Unmasking the Unseen: The Gendered Impacts of Water Quality, Sanitation and Hygiene

Oluwasanya, G., Omoniyi, A., Perera, D., Qadir, M. and Madani, K. 2024. Unmasking the Unseen: The Gendered Impacts of Water Quality, Sanitation and Hygiene, United Nations University Institute for Water, Environment and Health (UNU-INWEH), Richmond Hill, Ontario, Canada. ISBN: 978-92-808-6119-8,

Addressing gender inequality may not be achievable by 2030 if the Differential Impacts Assessment (DIA) of unsafe water on health and well-being in the study area and, by extension, in areas with similar characteristics are not unmasked. Thus, this report presents the key findings from the study, outlining a framework and guidance for examining gender-specific impacts stemming from poor water quality and WASH practices through a piloted case study in Abeokuta City, Nigeria, to serve as a preliminary guide for conducting comprehensive, site-specific assessments. The piloted assessment framework is a 5-step approach, guiding the evaluation of gendered impacts from method design to the field activities, which include water sampling and laboratory analysis, public survey, and health data collection, to the data and gender analysis. The focus on low- and middle-income countries underscores the importance of DIA in such regions for better health and socioeconomic outcomes, promoting inclusive development.

The study results underscore unsettling, largely unseen gender disparities in exposure to health-related risks associated with non-utility water sources and highlight pronounced differences in water source preferences and utilization, the burden of water sourcing and collection, and health- and hygiene-related practices. Specifically, this preliminary assessment indicates an alarming inadequacy in accessing WASH services within the pilot study area, raising considerable doubts about achieving SDG 6 by 2030. While this finding is worrying, this report also discusses the lack of a standardized protocol for monitoring water-related impacts utilizing sex-disaggregated data, shedding light on the unseen global-scale gendered impacts.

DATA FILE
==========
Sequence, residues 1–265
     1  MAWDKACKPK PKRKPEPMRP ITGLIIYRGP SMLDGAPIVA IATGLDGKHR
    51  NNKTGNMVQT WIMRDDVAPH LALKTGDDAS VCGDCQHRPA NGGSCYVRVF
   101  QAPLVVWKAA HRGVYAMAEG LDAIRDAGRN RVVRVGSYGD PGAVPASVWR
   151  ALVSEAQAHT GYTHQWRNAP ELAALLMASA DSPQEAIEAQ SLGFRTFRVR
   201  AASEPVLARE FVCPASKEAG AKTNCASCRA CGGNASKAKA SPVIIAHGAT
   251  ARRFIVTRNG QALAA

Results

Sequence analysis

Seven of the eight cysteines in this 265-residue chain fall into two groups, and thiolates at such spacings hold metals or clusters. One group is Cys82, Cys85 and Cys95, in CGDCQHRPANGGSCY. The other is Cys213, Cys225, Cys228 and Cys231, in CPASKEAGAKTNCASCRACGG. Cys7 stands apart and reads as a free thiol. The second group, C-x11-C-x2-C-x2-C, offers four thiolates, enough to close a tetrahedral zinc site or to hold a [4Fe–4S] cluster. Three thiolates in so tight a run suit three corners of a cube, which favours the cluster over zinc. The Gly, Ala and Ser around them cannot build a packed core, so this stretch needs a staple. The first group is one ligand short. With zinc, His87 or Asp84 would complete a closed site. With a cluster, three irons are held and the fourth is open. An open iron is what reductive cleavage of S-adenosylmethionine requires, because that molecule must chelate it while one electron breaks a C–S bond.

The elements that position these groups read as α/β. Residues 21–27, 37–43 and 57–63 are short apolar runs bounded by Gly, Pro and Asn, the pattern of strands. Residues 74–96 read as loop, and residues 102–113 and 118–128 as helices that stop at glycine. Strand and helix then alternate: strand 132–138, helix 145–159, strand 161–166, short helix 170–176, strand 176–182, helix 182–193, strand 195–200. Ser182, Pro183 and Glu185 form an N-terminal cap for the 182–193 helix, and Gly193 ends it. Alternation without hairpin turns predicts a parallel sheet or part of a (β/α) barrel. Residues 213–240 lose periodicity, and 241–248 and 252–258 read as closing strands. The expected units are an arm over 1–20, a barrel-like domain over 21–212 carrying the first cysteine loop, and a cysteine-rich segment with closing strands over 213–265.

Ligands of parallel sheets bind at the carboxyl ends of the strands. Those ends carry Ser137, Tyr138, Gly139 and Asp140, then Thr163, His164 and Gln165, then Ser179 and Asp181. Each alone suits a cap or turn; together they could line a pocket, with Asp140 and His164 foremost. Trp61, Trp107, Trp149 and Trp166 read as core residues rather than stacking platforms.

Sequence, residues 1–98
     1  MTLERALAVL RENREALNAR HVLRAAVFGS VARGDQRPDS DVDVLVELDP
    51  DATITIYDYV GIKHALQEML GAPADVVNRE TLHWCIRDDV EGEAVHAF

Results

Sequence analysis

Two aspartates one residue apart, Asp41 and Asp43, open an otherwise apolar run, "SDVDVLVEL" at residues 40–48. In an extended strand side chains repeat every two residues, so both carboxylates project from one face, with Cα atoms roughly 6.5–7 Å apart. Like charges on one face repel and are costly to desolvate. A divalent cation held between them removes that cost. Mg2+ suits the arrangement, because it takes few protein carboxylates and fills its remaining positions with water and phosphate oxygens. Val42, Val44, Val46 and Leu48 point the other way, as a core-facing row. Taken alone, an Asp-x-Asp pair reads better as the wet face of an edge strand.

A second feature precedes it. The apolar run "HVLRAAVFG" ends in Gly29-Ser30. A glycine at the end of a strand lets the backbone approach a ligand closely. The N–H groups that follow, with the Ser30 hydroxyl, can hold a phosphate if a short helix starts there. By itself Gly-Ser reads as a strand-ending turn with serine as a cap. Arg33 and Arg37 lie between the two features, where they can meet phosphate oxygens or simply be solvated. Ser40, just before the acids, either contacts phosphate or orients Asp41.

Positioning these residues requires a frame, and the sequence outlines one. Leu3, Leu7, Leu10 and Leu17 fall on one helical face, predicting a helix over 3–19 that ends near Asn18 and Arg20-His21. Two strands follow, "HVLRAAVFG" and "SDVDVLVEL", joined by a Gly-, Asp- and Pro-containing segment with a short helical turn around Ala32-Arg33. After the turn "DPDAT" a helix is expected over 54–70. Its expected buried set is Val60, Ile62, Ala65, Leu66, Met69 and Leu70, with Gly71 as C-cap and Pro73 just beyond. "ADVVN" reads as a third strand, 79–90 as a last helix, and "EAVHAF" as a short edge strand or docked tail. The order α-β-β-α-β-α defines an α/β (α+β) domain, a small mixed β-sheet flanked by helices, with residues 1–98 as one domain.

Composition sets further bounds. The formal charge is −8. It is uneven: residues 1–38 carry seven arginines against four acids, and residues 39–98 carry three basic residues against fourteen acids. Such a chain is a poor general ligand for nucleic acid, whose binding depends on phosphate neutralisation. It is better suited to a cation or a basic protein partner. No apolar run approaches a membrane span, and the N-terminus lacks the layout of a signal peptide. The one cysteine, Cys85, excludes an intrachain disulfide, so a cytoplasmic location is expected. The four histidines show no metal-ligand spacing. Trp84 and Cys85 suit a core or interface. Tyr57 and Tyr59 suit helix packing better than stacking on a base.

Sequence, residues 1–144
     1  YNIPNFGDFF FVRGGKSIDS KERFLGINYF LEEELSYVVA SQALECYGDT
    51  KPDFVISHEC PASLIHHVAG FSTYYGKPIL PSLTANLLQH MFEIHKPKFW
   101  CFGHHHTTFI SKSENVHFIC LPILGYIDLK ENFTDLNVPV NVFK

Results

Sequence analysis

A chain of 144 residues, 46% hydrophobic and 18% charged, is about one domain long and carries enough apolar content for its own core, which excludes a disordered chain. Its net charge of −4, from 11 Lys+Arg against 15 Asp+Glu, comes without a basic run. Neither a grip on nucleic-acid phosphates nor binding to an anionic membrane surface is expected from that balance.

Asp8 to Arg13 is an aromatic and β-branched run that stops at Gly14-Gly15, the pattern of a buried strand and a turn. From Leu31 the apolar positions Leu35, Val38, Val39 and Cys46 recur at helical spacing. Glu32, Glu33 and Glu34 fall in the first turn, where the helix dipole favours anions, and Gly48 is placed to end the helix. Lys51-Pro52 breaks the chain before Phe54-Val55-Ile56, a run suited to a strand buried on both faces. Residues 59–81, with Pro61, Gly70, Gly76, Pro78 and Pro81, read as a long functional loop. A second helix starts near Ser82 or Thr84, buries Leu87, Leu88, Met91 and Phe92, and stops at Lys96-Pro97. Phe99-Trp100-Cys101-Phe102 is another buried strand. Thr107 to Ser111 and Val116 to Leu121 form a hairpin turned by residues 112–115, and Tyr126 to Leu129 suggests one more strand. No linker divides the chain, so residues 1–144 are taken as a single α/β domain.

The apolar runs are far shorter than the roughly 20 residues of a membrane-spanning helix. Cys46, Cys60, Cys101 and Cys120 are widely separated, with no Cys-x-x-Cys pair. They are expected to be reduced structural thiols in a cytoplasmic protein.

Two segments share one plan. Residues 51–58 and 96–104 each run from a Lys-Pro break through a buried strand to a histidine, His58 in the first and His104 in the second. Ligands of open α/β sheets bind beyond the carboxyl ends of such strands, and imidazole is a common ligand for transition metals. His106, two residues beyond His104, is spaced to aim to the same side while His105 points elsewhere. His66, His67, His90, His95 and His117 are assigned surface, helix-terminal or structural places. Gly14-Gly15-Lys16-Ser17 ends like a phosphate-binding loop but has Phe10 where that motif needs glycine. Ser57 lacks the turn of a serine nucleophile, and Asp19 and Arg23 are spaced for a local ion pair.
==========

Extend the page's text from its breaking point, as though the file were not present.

The study results warn about the water safety of non-utility water sources. Without point-of-use treatment and appropriate water safety protocols, the water sources are unsuitable for potable uses, potentially posing compounded health risks associated with microbial contaminations and high calcium content, particularly affecting boys. Also, the results show that girls are likely the most affected by the repercussions of water collection, including time constraints, health implications, and safety concerns. Men and boys face a higher risk related to poor hygiene, while women may be more susceptible to health effects stemming from toilet cleaning responsibilities and shared sanitation facilities. Despite the preference for disposable sanitary pads among most women and girls, women maintain better menstrual hygiene practices than girls. This age-specific disparity highlights potential substantial health risks for girls in the near and distant future. Enhancing women's economic status could improve access to superior healthcare services and significantly elevate household well-being.

The report calls for targeted actions, including urgent planning and implementation of robust water safety protocols for non-utility self-supply systems and mainstreaming gender concerns and needs as a “6th sense” accelerator for SDG 6. The methodology developed and piloted here is scalable. It serves as an introductory guide that can be further refined to explore and track site-specific differential health and socioeconomic effects of inadequate water quality, especially in locales similar to the study area. The report targets policymakers and donor organizations advocating for sustainable water resource development, public health, and human rights, as well as those promoting gender equality to enhance global, regional, national, and community-level water management.


  • Study reveals non-utility water sources unsafe without point-of-use treatment
  • Differential Impacts of WASH Services on human health evident
  • Poor menstrual hygiene among Girls still remains a significant health risk
  • Inadequate WASH services jeopardize SDG 6 Goals
  • Improving women's economic status vital for healthcare access and household well-being

Read the press release here.

Photo credit (cover page): Olatunji Obasa, Punch Newspaper. Residents scrambling for water in a hole due to inadequate WASH services in Ogun State, Nigeria. 

Photo Credit and description (bottom image): Poor sanitation and unsafe drinking water, causing sickness. By Akula Srinivas Prasad, Public Domain Access, Hans India Newspaper.


Poor Sanitation

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Unmasking the Unseen, The Gendered Impacts of Water Quality, Sanitation and Hygiene